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Mapping malnutrition, from undernourishment to obesity

  • Written by  Benjamin Hennig
  • Published in Mapping
Mapping malnutrition, from undernourishment to obesity
20 Feb
Benjamin Hennig maps the two sides of global malnutrition – undernourishment and obesity

Malnutrition (a condition that results from eating a diet in which one or more nutrients are either not enough or are too much) is a word often used synonymously with undernourishment, and hence with a specific geographical bias towards the poorer parts of the world when discussed in a global context. Undernourishment also remains one of the more prominent issues being addressed by the Sustainable Development Goals which have seen more concentrated action to tackle this side of malnutrition.

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The most recent Global Nutrition Report states that there has been some progress in reducing the forms of malnutrition that are related to undernourishment. This progress is very slow and shows considerable disparities globally as well as at subnational level.

The maps shown here focuses on the global-level perspective of the issue. The cartogram showing undernourished population (directly below) is a combination of absolute and relative data. The map itself is proportional to the total number of people in a country that were estimated to be undernourished according to statistics by the Food and Agriculture Organization of the United Nations. The colours indicate the proportion of the population estimated to be undernourished.

WEB map1

The overall global picture highlights that undernourishment remains a pressing issue in the poorest parts of the world, especially on the African continent. Relative numbers are improving across the continent, but in absolute terms there are ongoing increases in undernourished populations. This is especially the case when looking at data about the youngest age groups, such as stunting among children.

These global disparities are exacerbated by the flip side of malnutrition, obese and overweight populations, which is shown in the second cartogram (directly below). Here the map is proportional to each country’s obese adult population, highlighting how obesity has become a global issue that does not only affect the wealthy part of the world. Significant numbers of obese people can be found across all continents, and high shares of obese adults are geographically more disperse and widespread than undernourished populations. The World Health Organisation estimates that ‘most of the world’s population live in countries where overweight and obesity kills more people than underweight’.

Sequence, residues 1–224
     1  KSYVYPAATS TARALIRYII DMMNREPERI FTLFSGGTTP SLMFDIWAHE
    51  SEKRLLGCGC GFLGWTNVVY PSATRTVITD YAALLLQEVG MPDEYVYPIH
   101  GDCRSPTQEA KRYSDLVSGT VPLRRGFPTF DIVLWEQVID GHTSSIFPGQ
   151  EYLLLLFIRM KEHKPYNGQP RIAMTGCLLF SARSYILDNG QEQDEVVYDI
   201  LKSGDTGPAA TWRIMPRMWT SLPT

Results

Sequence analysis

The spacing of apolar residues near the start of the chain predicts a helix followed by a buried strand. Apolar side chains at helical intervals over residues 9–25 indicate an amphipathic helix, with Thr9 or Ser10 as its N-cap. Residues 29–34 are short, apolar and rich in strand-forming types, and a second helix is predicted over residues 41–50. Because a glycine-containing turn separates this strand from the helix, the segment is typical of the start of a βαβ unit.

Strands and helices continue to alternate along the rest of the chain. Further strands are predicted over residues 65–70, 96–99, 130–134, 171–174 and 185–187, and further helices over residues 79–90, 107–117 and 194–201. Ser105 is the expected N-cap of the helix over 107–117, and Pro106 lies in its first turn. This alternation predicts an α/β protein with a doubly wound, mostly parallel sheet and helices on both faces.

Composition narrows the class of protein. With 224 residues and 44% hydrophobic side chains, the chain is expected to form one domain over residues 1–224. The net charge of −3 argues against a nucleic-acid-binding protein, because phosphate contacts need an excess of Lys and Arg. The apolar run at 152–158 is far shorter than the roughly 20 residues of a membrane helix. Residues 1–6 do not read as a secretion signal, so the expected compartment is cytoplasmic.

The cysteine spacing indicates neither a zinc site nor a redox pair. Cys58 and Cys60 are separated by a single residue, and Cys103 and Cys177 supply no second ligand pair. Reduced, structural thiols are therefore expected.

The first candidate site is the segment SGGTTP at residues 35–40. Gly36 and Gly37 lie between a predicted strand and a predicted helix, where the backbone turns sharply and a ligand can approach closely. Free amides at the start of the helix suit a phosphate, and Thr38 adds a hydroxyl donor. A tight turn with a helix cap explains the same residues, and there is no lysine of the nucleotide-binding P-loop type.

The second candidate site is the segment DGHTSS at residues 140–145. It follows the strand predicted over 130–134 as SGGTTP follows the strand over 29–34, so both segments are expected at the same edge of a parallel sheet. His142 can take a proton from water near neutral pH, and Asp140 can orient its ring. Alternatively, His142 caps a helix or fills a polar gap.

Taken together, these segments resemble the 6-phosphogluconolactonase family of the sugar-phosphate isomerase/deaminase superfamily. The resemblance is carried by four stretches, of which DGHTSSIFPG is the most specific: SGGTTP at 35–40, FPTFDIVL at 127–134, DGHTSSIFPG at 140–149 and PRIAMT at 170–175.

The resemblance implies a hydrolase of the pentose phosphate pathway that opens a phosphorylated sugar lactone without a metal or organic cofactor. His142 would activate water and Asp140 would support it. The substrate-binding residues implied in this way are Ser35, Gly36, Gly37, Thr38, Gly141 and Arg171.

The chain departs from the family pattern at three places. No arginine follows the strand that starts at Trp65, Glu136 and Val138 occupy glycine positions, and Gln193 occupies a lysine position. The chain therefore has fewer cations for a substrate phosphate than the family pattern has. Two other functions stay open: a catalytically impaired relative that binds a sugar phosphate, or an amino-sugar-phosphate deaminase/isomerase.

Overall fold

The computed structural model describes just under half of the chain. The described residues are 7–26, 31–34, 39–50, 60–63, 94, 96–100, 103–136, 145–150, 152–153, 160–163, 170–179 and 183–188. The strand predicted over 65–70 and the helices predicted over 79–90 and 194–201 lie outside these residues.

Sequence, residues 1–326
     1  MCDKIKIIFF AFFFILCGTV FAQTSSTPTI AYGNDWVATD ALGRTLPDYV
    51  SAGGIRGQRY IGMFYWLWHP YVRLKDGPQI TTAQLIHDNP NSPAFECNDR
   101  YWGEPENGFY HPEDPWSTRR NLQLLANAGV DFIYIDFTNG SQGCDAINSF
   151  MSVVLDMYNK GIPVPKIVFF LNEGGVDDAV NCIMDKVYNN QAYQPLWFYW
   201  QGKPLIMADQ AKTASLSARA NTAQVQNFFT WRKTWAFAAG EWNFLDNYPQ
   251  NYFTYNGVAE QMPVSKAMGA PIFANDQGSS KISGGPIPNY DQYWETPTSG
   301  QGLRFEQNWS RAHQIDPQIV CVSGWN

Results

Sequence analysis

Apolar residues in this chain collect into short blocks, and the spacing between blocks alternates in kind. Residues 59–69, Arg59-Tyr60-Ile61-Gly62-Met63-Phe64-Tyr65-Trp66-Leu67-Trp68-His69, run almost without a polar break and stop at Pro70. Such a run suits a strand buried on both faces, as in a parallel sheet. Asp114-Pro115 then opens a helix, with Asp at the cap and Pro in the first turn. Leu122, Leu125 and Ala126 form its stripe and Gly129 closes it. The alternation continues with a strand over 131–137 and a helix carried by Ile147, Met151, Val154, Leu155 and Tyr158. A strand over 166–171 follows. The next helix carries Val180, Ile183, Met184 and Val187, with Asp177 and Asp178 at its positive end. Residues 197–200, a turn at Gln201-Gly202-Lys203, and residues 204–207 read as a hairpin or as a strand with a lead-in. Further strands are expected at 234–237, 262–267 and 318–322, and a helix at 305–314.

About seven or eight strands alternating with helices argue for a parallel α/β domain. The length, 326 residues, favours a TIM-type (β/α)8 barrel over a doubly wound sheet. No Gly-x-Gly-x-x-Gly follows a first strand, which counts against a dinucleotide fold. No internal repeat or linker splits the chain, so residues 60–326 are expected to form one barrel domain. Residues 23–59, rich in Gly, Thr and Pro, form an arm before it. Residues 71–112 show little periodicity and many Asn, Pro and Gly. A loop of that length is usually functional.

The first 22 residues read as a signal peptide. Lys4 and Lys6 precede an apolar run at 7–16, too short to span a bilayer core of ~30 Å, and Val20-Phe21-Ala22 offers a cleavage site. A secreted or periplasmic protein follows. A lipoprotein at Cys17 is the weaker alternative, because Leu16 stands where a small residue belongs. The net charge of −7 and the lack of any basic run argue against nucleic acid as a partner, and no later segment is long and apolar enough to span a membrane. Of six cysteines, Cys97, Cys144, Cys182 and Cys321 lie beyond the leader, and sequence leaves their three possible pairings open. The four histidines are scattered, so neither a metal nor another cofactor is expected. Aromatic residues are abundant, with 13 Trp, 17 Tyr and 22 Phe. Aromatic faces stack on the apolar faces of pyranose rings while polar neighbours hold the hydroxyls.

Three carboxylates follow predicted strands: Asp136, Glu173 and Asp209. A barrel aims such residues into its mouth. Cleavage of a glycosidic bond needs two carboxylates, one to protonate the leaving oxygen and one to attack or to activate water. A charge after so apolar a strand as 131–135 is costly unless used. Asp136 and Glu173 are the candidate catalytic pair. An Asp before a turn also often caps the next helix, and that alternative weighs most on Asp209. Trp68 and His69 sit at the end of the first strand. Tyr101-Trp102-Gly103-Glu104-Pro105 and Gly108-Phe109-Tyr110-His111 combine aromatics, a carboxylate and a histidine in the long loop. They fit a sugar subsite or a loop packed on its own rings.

WEB map2

A combined picture of populations affected by malnutrition – in this case looking at the example of undernourishment as well as obesity – is shown in the third cartogram (directly below). This picture looks almost like a population-weighted cartogram. It demonstrates how malnutrition is a real global burden which affects people regardless of where they live. The overlaid colours indicate where one form of malnutrition is more pressing than another, although it is important to keep in mind that all forms of malnutrition coexist and vary between populations in each country.

WEB map3

In most countries, people experience more than just one form of malnutrition with one in three people estimated to have been affected in 2016. While the global picture shown in these maps may suggest that the world is divided into people with too little and people with (almost) too much access to food, the realities are more complex. The future agenda for food related policies from a public health perspective needs to look at the questions of not only access to enough food, but also access to the right kind of food through healthy diets. As stated in the Global Nutrition Report, ‘more and better data is enabling us to more fully understand what people are eating and why it matters – but shows that diets in all countries and wealth groups pose a significant threat to achieving nutrition targets’.

Undernutrition and obesity are two sides to one crisis in global health. Questions about the future of food do not only need to focus on strategies for feeding a still growing world population, but also need to consider the public health aspect of nutrition more comprehensively. Solutions for healthier diets may not be contradictory to creating a more productive agriculture, but could entail the creation of more sustainable food systems from the global to the local level.

Benjamin Hennig (@geoviews) is Professor of Geography at the University of Iceland and Honorary Research Associate in the School of Geography and the Environment at the University of Oxford. He is also involved in the Worldmapper project (Worldmapper.org).

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